Health Benefits of Sorrel Roselle
Sorrell Roselle, also known as Jamaica sorrel is a member of the hibiscus family, crammed with a multitude of vitamins, minerals, calcium and falvonoids
Sorrel Roselle helps to reduce the viscosity of blood and lowers blood pressure
Sorrel Roselle is a member of the hibiscus family of which there are three hundred different species world wide.
Sorrel Roselle belongs to the hibiscus family and is also known in various parts of the world as Jamaica sorrel, India sorrel, Guinea sorrel, Florida Cranberry amongst others. The Jamaica sorrel variety is the commonest type, native to the region stretching from Malaysia to India. However, it is also grown in many other parts of the globe including Mexico, Thailand and parts of Africa, with the Chinese being the most prolific cultivators.
Extensive research has been undertaken by the Scientific Research Council (SRC) and the University of the West Indies, in an effort to find scientific evidence to underpin long established notions surrounding folklore claims of its health benefits and alleged significant medicinal value. Researchers have so far been able to establish that Sorrel Roselle contains a wide range of vitamins and minerals, including vitamin C, calcium, Niacin, riboflavin and flavonoids.
It is believed to contain gossypetin, anthocyanins and glycoside hibiscin, which are known to be effective diuretic able to stimulate the production of urine in cases where urine retention is an issue. It is believed to lower blood pressure, improve circulation, help to reduce the viscosity (thickness) of blood and stimulate peristaltic movements in the intestines. Also effective at relieving coughs, stimulating the production of bile in the liver, it helps to suppress the appetite and is said to be effective as a mild laxative. In some parts of Africa the leaves are also used as a poultice to extract pus from boils, ulcers and infected wounds, whilst in the Philippines it is used as an aperitif and health giving tonic.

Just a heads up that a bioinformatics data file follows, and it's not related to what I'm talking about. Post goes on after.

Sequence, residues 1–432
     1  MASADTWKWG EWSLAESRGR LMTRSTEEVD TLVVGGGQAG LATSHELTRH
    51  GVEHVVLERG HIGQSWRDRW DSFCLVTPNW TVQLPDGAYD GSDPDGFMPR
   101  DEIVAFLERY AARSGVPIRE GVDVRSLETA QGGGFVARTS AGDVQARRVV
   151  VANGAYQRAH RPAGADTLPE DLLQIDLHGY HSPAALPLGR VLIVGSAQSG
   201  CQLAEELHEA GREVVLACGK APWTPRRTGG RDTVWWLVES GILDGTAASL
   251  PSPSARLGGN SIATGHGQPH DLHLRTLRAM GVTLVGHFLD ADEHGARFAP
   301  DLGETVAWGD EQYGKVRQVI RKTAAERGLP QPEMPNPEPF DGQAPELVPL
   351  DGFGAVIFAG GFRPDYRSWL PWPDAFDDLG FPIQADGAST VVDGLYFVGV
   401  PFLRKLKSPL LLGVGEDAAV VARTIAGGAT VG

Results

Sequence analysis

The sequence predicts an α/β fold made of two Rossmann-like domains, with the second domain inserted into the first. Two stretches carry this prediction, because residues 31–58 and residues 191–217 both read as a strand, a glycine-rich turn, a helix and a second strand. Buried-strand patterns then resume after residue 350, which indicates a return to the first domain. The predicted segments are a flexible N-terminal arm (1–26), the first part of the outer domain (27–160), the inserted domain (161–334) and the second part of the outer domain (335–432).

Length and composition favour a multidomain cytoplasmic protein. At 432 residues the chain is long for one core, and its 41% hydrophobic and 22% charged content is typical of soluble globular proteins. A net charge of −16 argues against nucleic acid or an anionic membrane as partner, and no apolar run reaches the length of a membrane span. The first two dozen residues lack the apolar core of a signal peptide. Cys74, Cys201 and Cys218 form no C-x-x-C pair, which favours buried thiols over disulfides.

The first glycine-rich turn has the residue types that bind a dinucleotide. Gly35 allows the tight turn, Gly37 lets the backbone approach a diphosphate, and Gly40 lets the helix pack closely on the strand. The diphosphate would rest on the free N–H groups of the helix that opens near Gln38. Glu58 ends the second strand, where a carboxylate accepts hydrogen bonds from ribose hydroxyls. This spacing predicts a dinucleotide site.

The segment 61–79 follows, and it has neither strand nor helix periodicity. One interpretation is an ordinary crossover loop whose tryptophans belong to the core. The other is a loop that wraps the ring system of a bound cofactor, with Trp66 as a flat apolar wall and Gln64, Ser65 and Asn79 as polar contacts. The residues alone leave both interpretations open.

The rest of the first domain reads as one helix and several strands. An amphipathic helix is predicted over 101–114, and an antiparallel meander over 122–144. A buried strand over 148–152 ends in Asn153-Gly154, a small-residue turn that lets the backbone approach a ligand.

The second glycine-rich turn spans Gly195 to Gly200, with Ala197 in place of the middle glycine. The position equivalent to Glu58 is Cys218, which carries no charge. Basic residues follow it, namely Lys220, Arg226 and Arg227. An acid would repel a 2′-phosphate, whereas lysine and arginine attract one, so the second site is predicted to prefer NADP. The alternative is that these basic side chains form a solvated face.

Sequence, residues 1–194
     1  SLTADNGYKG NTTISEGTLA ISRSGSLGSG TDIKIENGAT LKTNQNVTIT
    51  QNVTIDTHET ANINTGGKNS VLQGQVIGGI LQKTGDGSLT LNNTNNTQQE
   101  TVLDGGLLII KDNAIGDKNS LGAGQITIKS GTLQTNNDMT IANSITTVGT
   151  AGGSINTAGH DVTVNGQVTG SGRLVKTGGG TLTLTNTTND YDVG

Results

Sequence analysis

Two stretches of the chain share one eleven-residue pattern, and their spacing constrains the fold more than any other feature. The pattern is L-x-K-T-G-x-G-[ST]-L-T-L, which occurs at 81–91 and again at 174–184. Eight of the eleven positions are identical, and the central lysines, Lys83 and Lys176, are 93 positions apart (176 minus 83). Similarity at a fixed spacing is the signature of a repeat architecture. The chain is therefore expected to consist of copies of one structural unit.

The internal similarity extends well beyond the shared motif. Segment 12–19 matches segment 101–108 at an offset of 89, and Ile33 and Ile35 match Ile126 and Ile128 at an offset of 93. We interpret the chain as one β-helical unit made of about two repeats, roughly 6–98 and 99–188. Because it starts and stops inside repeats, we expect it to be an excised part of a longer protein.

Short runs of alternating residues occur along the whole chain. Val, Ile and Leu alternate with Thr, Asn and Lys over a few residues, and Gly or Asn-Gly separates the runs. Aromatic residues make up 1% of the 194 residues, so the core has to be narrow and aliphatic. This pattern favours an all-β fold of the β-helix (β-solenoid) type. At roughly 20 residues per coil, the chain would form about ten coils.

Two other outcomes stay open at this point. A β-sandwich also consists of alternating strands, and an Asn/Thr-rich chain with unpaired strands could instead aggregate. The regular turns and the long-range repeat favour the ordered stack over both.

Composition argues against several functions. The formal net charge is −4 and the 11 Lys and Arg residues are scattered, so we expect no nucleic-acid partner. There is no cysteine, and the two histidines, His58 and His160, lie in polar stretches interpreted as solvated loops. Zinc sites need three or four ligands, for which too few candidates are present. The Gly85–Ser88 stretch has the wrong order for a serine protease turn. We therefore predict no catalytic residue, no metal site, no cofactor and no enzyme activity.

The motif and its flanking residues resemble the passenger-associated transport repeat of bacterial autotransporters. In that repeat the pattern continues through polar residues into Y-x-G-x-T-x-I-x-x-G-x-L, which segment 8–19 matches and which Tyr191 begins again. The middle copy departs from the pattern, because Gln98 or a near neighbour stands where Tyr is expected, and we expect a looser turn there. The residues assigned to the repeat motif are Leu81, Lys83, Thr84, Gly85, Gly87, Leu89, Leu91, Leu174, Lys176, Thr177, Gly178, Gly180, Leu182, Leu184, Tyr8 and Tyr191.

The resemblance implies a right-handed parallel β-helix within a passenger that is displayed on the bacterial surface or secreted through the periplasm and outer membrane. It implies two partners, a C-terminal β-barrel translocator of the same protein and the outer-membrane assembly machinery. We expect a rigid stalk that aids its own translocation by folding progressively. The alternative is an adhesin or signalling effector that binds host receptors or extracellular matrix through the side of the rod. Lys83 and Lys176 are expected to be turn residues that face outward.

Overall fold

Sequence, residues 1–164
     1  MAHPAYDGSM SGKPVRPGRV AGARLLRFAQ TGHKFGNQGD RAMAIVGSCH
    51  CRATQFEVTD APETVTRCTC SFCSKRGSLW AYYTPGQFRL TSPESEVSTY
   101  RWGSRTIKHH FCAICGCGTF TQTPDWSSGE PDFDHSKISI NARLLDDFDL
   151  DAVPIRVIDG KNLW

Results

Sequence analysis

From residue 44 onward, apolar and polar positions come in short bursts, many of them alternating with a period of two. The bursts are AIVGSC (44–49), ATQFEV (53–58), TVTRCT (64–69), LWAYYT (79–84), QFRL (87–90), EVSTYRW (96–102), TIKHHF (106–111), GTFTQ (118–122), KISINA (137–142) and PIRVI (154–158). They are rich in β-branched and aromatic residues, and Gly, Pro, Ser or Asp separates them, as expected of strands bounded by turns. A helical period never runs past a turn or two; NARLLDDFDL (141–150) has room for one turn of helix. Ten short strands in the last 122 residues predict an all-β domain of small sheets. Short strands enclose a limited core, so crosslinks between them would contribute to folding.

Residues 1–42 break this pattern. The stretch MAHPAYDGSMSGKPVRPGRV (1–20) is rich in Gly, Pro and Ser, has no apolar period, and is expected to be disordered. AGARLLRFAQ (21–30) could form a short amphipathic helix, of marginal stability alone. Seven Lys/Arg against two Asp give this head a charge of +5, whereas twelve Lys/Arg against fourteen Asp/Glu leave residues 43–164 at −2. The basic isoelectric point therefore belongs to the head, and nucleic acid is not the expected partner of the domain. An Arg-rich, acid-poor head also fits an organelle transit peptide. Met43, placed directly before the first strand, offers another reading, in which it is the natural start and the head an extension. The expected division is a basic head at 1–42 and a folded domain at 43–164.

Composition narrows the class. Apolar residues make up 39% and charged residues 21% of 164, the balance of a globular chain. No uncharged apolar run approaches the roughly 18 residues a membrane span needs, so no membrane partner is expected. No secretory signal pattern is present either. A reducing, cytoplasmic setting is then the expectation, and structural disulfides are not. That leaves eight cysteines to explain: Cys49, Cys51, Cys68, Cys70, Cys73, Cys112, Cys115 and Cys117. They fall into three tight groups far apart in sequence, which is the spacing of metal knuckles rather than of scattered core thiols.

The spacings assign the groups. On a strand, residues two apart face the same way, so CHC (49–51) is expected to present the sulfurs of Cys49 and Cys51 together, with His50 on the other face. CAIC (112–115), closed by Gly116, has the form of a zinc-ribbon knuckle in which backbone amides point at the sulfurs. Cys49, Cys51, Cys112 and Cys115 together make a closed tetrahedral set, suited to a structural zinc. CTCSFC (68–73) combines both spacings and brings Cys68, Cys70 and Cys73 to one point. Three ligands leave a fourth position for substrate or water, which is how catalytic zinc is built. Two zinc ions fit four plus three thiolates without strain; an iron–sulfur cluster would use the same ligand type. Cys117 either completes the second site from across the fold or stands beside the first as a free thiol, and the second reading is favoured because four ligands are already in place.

Sorrel can be used in many ways. The commonest way is to infuse in water and drink. It can also be eaten raw in salads, cooked in the same way as greens and eaten as a vegetable, added to curries as a flavour enhancing seasoning and in Queensland, Australia it is made into jam and exported to Europe where there is a very vibrant market. In many of the Caribbean islands it is made into a very popular traditional Christmas drink where the festivities are considered incomplete if sorrel was not part of the celebrations.
The drink is prepared by first thoroughly washing the sorrel and placing it in a saucepan filled with water. In the water a few heads of cloves, a few sticks of cinnamon, and a small piece of ginger are also placed then boil for twenty minutes. It is then allowed to thoroughly cool, after which a few drops of vanilla essence is added, sugar to taste and a dash of Angostura bitters which gives it its Caribbean edge. The brew is then bottled and refrigerate. Alcohol is frequently added to compliment and enhance the flavour, making it an altogether delicious and refreshing drink that is truly and deliciously Caribbean.